Friday 22 May 2020 9:26 am

Burberry cuts dividend as sales dive during coronavirus pandemic

British fashion brand Burberry said this morning that it will not pay a full-year dividend as it revealed that fourth quarter sales plunged due to coronavirus lockdowns around the world.

The luxury retailer said sales in the fourth quarter were down 27 per cent and 60 per cent of its stores were closed at the end of March. Sales were up four per cent in the first nine months of the year. 

Read more: Burberry to keep paying furloughed staff during Covid-19 crisis

Burberry will take a £245m hit on store impairments and stock provisions related to the coronavirus pandemic. 

However, the company said sales in China and Korea were ahead of last year and were “continuing to show an improving trend”. Burberry shares were up 2.84 per cent this morning. 

Burberry chief executive Marco Gobbetti said: “It will take time to heal but we are encouraged by our strong rebound in some parts of Asia and are well-prepared to navigate through this period.”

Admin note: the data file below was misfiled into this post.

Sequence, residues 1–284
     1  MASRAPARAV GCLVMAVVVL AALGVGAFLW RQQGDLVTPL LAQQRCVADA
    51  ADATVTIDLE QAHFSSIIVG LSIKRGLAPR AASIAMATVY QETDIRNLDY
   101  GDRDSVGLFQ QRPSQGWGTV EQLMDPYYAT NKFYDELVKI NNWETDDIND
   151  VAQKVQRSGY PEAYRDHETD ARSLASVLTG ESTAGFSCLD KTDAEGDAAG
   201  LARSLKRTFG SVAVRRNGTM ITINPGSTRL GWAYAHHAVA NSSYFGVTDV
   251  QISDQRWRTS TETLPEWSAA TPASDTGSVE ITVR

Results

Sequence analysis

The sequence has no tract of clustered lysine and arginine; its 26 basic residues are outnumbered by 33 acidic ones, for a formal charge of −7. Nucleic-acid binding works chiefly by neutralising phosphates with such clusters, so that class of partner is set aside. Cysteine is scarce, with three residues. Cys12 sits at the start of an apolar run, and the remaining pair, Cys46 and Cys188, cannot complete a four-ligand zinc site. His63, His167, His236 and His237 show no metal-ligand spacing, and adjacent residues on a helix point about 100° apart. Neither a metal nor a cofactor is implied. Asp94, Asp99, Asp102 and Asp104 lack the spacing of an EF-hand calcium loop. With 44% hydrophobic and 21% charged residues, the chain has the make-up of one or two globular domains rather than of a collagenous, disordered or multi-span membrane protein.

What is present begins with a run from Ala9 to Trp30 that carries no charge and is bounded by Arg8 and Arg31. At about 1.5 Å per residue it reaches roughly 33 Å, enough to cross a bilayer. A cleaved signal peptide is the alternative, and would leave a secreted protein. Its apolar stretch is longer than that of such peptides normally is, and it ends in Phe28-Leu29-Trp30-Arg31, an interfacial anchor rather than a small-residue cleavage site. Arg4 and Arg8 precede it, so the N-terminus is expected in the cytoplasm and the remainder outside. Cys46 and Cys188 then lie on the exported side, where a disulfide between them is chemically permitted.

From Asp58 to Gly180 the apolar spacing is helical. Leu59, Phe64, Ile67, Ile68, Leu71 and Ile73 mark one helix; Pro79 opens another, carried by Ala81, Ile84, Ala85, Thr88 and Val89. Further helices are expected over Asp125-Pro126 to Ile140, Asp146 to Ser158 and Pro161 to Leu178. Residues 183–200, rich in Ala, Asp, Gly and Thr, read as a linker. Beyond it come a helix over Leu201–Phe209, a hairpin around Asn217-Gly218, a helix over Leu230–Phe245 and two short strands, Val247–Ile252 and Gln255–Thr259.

The Share Centre investment research analyst Helal Miah said investors were expecting dividend cuts during the crisis, and that the recovery in China and Korea would provide some optimism. 

“It has been turbulent year for Burberry mainly due to external factors,” Miah said.

“While it handled the disturbances from the Hong Kong protests well, there was no way of skipping around the Covid-19 outbreak which first hit the Far East, one of its most important markets. 

“Despite a dividend cut, investors have now priced this in as now the norm and some encouragement will be taken from the most recent update on trading activity in the Far East where April sales are ahead of the prior year.”

Read more: Burberry sales down 50 per cent as coronavirus spreads globally

Julie Palmer, partner at Begbies Traynor, added: “The business relies heavily on the Asian market, accounting for a significant amount of the company’s sales, but with the country under lockdown in recent months and widespread political protests in Hong Kong putting a halt to plans, spending has plummeted.

“As retail stores in China begin to reopen though, investors will be hopeful that sales can start to recover. “